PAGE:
Google is taking the flak for some of the FCC’s proposals, sparking controversy among telecom firms. Companies such as AT&T, the National Association of Broadcasters, and a coalition of cable firms and programmers cite the FCC’s rulings on broadband privacy and TV set-top boxes as proof that they’re in the pocket of Google and its parent company, Alphabet.
The National Association of Broadcasters had suggested that Google encouraged the FCC to set aside an increased number of unlicensed airwaves, which encourages the use of wi-fi networks and means that Google has to pay for less spectrum. AT&T also suggested that FCC Chairman Tom Wheeler tipped the scales in Google’s favor by levying strict rules against broadband companies. (Internet companies like Google operate under a different set of privacy practices from broadband companies, the Federal Trade Commission instead of the FCC.)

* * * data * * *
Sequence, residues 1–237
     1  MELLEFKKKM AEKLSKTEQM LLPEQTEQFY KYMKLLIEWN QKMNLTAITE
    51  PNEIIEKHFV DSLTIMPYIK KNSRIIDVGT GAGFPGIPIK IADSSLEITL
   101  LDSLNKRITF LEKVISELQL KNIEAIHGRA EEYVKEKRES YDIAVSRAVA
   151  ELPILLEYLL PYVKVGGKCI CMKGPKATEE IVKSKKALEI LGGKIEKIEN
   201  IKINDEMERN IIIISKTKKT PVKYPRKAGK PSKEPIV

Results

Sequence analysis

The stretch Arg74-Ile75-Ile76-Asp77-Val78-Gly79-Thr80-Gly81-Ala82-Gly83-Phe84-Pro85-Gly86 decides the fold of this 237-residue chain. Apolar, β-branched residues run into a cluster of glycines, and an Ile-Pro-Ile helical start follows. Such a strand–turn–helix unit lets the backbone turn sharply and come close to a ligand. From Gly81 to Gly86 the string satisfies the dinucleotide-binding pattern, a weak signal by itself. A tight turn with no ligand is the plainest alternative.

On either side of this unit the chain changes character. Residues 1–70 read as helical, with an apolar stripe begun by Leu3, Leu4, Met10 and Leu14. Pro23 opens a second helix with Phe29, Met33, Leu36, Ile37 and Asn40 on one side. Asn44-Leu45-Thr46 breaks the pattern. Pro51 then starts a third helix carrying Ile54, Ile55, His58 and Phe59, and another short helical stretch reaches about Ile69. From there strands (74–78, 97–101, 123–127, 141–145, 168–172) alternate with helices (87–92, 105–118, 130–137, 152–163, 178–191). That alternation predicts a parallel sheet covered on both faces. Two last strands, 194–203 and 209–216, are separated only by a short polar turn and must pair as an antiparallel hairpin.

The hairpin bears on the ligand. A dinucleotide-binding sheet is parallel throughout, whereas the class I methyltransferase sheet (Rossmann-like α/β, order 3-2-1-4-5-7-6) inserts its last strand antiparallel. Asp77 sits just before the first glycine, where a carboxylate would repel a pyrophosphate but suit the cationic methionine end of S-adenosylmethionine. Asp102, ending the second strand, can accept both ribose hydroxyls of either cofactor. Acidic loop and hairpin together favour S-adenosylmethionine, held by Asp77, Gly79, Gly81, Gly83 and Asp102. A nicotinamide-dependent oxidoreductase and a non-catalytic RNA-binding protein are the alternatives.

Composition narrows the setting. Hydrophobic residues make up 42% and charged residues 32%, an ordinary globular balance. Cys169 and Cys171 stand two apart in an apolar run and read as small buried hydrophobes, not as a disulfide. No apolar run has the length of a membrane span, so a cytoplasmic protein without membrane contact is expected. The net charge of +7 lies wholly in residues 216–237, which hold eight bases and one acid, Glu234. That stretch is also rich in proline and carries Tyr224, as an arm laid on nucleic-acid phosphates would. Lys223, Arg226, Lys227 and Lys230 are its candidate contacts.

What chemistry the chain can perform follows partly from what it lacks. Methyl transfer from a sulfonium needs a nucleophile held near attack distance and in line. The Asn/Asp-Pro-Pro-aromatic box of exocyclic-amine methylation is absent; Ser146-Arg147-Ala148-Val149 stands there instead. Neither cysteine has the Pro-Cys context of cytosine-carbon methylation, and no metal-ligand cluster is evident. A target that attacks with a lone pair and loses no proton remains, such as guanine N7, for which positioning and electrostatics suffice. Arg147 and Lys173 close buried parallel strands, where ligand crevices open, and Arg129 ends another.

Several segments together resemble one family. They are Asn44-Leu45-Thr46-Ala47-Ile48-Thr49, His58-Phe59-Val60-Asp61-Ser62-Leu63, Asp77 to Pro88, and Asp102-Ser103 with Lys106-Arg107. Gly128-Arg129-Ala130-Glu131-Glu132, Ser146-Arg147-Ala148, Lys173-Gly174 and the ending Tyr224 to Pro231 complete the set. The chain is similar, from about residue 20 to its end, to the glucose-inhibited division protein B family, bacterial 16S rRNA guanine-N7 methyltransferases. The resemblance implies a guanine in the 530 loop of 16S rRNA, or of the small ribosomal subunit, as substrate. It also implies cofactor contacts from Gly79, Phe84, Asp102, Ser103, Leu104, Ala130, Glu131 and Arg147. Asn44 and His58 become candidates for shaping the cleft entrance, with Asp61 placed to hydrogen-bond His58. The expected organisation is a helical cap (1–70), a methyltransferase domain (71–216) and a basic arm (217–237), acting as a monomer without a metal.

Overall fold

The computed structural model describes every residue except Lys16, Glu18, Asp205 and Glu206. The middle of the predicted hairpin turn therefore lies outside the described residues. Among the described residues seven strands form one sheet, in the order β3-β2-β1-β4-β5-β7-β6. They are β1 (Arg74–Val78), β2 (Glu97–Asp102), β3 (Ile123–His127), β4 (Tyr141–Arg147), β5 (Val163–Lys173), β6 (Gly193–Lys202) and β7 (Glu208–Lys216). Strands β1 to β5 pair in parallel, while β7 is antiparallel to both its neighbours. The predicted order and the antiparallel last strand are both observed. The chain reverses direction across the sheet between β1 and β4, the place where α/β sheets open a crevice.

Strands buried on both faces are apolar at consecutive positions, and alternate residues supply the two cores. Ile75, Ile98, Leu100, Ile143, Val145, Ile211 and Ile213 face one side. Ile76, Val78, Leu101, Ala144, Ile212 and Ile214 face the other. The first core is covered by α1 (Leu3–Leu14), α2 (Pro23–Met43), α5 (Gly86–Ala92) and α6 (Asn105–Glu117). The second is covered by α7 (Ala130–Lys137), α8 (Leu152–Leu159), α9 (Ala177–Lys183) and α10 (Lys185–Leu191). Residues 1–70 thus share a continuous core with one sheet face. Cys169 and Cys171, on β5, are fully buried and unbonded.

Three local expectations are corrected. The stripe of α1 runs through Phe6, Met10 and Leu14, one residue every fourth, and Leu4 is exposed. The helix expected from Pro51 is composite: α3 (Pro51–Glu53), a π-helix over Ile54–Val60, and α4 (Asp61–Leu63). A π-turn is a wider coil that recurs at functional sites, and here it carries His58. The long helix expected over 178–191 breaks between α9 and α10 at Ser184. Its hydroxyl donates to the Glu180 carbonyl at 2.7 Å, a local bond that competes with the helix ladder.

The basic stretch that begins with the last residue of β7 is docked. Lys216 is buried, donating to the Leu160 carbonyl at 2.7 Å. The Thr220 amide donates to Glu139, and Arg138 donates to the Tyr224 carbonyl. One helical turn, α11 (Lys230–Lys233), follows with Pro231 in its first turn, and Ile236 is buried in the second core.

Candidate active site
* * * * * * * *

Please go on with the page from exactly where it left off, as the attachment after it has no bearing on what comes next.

The Future of TV Coalition, which supports the cable industry, also criticized Google’s methods. They said that Google’s ins with the FCC afforded them a sneak peek at a FCC plan leveraged in February, which would force pay-TV companies to make their content available to third-party set top box makers.
Google does have a significant presence in Washington, with $16.6 million in federal lobbying. Ex-Googlers include the White House’s Chief Technology Officer and the head of the United States Digital Service. Tension between Google and the FCC has risen before, as Google pushes its Fiber internet network and streaming competes with cable.
“This is a whole new ballgame that I think both the cable and telecom incumbents are not as familiar with and are a bit fearful that somebody’s gonna eat their lunch,” said Gene Kimmelman, CEO of Public Knowledge. The advocacy group has received funding from Google.